One of the hottest decor trends of late, the industrial style has made “industrial chic” a catchphrase, and influences of this theme have popped up everywhere from cafes to the workplace. This four-room Built-To-Order unit in Tampines tackles the trend in refreshing fashion, with hints of Scandinavian sensibilities featured in the details.
“Most of our decor inspiration came from the homeowners,” design director Raymond Seow from Free Space Intent explains. “It made it much easier to work with that way – when they knew what they wanted.” With no restrictions on child-friendly accommodations, Raymond and his team were free to experiment with the all the quirks of the industrial style.
“First, we used plenty of raw-looking materials to play up the industrial style of the apartment,” he explains. Many of the features were built with actual construction-grade material, an uncommon move for most houses these days. The bookshelves in the study area, for example, are made with industrial-strength rod iron, which is usually used to form the internal skeletons of walls.
The choice of furniture also plays up and adds to the raw, gritty vibes. The coffee table in the living room is a standout piece of woodwork – essentially a piece of log cut halfway. Similarly, the dining table is made of equally unfinished, distressed wood.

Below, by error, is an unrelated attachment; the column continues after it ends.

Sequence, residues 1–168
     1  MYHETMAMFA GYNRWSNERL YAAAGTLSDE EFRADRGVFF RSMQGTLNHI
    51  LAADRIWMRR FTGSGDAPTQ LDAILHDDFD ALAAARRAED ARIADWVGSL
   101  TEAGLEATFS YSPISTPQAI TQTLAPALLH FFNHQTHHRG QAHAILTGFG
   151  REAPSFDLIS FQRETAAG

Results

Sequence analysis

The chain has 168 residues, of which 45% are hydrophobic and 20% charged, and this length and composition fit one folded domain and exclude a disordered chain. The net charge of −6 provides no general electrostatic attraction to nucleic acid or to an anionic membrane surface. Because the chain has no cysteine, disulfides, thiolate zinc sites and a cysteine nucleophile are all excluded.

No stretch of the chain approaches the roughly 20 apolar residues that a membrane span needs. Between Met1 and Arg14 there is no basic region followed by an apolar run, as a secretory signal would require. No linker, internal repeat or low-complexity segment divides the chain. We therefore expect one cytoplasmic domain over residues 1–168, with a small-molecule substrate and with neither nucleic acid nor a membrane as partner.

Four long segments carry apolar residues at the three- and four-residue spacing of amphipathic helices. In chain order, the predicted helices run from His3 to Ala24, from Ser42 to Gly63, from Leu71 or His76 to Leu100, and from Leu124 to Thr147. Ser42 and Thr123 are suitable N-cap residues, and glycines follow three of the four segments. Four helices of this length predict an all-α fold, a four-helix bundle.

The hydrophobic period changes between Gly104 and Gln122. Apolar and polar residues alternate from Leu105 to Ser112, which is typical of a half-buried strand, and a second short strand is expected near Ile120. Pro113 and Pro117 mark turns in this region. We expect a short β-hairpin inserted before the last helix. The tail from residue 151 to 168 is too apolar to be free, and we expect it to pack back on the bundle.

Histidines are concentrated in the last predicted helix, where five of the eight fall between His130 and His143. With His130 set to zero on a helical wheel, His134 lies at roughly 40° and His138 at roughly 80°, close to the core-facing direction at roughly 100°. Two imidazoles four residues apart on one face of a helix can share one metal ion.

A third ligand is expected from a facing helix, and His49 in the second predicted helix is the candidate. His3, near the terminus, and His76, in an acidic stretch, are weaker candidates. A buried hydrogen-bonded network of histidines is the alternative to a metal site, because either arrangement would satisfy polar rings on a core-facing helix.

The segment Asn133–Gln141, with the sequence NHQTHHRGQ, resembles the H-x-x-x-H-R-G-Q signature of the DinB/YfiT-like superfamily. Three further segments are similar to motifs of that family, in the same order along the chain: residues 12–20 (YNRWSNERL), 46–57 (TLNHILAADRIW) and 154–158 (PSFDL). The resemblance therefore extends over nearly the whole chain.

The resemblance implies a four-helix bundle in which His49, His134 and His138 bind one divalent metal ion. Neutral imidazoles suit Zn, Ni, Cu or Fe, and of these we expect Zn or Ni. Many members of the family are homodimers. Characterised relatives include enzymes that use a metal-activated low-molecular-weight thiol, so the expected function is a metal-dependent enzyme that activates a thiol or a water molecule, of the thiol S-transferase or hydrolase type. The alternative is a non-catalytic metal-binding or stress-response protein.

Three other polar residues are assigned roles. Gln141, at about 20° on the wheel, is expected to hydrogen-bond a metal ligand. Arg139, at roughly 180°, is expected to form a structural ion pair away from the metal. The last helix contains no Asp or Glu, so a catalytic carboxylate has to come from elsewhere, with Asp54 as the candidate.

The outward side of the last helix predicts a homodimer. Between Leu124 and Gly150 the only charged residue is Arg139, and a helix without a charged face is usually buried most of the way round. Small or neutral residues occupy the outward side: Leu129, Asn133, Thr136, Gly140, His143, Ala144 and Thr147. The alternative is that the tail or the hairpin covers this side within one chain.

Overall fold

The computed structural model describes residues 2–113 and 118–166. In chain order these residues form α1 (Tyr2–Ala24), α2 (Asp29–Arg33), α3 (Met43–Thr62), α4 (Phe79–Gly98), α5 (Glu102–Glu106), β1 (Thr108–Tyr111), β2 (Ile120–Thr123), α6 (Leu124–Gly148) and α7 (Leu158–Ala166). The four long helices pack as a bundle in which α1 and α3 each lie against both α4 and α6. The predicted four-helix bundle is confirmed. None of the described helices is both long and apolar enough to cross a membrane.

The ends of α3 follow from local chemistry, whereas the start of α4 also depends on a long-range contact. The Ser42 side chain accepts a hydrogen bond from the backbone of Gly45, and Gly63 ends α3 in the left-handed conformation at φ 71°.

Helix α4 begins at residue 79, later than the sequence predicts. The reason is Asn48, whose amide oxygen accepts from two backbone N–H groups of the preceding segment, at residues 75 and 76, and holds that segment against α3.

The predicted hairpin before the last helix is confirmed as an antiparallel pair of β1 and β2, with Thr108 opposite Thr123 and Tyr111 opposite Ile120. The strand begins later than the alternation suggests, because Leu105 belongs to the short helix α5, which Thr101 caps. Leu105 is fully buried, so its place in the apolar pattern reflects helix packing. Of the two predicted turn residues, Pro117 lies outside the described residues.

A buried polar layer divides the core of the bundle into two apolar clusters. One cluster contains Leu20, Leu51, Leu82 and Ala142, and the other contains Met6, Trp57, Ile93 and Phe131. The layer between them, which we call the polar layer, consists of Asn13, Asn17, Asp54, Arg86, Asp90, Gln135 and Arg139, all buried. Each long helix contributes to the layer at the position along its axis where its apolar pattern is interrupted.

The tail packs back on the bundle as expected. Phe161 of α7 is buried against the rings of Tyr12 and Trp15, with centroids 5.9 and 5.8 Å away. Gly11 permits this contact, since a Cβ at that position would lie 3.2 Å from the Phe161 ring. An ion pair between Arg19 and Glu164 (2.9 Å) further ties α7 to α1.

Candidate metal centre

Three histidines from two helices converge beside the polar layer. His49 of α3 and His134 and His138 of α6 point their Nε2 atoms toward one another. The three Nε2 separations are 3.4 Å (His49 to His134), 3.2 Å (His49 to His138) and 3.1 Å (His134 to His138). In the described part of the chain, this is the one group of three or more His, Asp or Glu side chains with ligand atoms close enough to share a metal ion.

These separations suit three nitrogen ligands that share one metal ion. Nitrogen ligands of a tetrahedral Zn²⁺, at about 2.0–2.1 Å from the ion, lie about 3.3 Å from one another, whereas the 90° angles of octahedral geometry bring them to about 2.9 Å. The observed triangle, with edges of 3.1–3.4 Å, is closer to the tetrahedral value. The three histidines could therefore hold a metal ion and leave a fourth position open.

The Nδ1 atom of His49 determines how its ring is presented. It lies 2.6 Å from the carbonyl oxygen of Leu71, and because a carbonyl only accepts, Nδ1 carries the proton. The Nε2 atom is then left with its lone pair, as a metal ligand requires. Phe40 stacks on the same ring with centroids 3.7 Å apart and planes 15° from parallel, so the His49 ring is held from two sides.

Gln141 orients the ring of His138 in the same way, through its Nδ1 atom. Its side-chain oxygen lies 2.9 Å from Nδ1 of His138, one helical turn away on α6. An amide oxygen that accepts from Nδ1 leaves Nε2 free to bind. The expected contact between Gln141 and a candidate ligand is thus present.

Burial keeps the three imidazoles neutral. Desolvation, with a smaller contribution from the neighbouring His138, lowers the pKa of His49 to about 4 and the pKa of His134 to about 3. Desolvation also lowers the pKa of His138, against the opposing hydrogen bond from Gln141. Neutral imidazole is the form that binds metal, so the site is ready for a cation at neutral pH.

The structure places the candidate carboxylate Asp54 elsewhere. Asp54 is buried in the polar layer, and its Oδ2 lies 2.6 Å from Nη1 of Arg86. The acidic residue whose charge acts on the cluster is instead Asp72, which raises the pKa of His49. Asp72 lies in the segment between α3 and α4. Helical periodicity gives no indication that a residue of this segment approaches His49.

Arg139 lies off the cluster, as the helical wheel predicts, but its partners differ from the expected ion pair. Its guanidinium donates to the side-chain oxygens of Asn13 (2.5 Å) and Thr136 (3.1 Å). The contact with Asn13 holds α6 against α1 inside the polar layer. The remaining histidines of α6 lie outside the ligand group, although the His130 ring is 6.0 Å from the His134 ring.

One of the features that took the longest to build was the standalone brick wall behind the sofa, separating the living room from the study area. Securing the two I-beams took some time but Raymond and his team eventually made it work. The eventual result is a half-height wall that looks like it is still undergoing construction, playing up the unfinished-looking effect of the industrial style.
The statement green Chesterfield sofa in the living room is a giveaway to the owners’ love for colour. Mosaic tiles used on the base of the bookshelves, as well as the foyer metal rod partition, add splashes of colour too.
Wanting to maximise as much natural light as possible, the owners opted to keep the ceilings high. A mixture of pendant, track and wall lights are used, with suspended lighting beams also thrown in the mix for the classic industrial-style touch.
Deeper into the house, the master bedroom is where things get toned down a little. More I-beams are used here, along with a wire mesh that efficiently partitions the bed from the walk-in closet, and simultaneously adds texture to the room. The black wire mesh also echoes the monochromatic cues of the rod iron that feature prominently in the living room.
This was adapted from an article originally written by Lee Kai Lin in the August 2016 issue of SquareRooms.